Both positive and negative effects do not limit to the individual alone. Whatever happens to the immigrant in the host country will definitely affect his family in the home country. Studies showed that the family is more affected when the migrant worker is a woman for basically she is the homemaker and takes care of the children. Nowadays, there is an increasing number of migrant women accounting for 48 per cent international migrants. Some effects radiates from the family to the community. The flow of income, for example can be manifested in the economics within the area.
This will be radiated further to the home country reducing the poverty. They also contribute to development through investments, business or entrepreneurial activities and the return of newly developed skills and knowledge. The community of the host country, on the other hand, may initially be skeptical of accepting the immigrant. On their point of view, the immigrants can change and influence their economy and other values. A community which does not allow immigrants may be giving up the values, education, perhaps specialization and other benefits brought by the immigrants.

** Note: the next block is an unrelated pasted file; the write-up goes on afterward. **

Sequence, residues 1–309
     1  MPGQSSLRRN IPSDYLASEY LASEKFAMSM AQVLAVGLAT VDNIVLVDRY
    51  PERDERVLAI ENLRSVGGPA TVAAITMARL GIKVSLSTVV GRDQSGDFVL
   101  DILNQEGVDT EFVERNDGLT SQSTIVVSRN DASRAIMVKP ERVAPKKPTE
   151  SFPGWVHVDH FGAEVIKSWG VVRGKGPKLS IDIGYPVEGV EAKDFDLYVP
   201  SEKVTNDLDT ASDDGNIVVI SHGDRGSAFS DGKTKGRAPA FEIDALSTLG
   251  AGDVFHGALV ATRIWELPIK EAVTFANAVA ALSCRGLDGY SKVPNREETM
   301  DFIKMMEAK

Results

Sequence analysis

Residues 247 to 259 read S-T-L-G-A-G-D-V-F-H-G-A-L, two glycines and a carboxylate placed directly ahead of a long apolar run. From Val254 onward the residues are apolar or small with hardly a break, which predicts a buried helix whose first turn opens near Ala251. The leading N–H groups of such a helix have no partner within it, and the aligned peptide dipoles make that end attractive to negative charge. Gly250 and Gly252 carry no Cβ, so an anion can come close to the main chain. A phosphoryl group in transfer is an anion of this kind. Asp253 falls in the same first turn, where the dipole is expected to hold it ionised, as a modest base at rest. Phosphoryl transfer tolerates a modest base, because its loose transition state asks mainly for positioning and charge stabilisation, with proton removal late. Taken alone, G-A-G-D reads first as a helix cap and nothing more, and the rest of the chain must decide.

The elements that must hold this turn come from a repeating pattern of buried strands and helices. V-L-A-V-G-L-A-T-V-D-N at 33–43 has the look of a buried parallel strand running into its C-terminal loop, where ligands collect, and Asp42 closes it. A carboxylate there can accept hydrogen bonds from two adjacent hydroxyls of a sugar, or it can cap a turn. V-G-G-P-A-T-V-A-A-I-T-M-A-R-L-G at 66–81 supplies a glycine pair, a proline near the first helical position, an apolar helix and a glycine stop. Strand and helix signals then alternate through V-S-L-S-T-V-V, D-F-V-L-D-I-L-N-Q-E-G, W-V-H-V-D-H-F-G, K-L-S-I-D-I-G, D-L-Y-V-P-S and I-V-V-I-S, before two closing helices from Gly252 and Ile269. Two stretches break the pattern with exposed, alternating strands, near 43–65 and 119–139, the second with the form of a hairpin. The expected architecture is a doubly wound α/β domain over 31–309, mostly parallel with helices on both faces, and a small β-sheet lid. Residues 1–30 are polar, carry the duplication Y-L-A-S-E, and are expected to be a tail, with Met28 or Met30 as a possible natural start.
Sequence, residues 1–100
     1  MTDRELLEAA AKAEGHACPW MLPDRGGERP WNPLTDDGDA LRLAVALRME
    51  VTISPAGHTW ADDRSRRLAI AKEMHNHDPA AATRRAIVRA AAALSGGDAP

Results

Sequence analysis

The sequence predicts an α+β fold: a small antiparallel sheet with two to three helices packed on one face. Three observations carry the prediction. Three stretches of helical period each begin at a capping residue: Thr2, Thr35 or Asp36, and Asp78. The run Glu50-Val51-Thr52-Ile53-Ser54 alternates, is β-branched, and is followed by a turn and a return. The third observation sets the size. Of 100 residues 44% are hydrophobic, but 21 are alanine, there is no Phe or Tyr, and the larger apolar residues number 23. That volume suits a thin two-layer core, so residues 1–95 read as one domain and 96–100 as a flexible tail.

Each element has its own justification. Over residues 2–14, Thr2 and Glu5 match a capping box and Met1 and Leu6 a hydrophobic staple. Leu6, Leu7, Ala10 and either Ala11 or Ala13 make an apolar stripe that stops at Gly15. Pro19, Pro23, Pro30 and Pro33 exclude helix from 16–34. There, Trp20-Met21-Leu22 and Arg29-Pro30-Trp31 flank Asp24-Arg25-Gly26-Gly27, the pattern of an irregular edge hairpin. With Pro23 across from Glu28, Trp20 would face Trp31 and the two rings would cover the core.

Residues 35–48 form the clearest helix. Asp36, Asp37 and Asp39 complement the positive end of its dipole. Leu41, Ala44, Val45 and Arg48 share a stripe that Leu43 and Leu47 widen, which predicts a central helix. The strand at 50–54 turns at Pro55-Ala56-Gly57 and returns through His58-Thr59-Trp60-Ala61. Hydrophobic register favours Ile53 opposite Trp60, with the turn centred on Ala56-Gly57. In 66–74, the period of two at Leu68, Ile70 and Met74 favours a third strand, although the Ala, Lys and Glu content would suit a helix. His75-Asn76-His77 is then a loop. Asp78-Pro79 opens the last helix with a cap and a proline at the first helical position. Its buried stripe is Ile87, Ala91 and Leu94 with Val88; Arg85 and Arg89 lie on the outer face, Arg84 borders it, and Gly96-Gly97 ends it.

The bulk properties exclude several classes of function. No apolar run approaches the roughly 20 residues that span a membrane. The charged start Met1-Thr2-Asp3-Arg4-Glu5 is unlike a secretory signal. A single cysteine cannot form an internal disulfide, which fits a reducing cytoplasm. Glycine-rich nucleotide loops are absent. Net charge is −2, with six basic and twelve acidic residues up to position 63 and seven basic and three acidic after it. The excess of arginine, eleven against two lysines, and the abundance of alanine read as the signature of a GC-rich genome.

What are the consequences of migration? The complexity of migration brings benefits and costs to both receiving (host) countries and the sending country (place of origin), and the immigrants and the natives. Every country or state deals immigration as a sensitive matter and observe certain laws and measures on immigration to provide more benefits to the majority. Integration of cultures, beliefs, skills, education and values are most likely to happen which is the gauge for the acceptance of the migrants.
Migration produces both positive and negative effects for both the host country and home country and the immigrant and the natives. It is however aimed to be beneficial to the majority by implementing proper rules and laws regarding migration. Migration may weaken the home country of the migrants due to “brain drain” however, migration also alleviates the poverty during the period of their remittances. Unemployment will also decrease which will eventually diminish also the poverty related crimes. Successful emigrants invite and encourage others to join them.
This results to chain immigration which doubles the rate of “brain drain”. This calls for the government to take a double time to produce skilled and professionals to compensate the loss due to emigration. Host countries enjoy cheap labor and high productivity because of migrant workers. They are able to fill up the jobs rejected by the natives for a lower wage. This, in effect, further boosts their economy as they enhance their pool of skills and talents. In some developed countries, immigrants undergo strict screening for security and health reasons.